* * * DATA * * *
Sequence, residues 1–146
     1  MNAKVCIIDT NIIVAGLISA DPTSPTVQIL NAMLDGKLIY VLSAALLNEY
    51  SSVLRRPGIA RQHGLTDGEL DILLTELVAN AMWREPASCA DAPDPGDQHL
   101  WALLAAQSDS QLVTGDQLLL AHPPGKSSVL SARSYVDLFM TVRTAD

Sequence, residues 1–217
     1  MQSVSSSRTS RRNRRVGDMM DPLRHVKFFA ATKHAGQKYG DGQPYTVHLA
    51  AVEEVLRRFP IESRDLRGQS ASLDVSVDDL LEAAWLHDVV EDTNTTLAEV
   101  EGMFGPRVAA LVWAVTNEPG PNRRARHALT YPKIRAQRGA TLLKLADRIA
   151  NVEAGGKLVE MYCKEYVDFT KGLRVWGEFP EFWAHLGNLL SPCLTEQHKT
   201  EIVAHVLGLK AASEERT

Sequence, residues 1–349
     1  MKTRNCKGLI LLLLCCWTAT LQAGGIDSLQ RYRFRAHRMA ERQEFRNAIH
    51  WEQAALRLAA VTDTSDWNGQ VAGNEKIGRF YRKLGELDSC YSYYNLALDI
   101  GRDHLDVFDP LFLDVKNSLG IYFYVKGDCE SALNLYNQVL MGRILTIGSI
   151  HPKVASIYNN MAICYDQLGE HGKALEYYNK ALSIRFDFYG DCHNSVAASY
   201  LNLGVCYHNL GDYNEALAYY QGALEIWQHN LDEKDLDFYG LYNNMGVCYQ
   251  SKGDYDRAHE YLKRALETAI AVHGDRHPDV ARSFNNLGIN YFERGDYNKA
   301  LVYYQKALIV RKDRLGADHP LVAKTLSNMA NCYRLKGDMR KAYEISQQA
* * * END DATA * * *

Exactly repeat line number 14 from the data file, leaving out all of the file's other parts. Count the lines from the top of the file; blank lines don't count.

   101  GRDHLDVFDP LFLDVKNSLG IYFYVKGDCE SALNLYNQVL MGRILTIGSI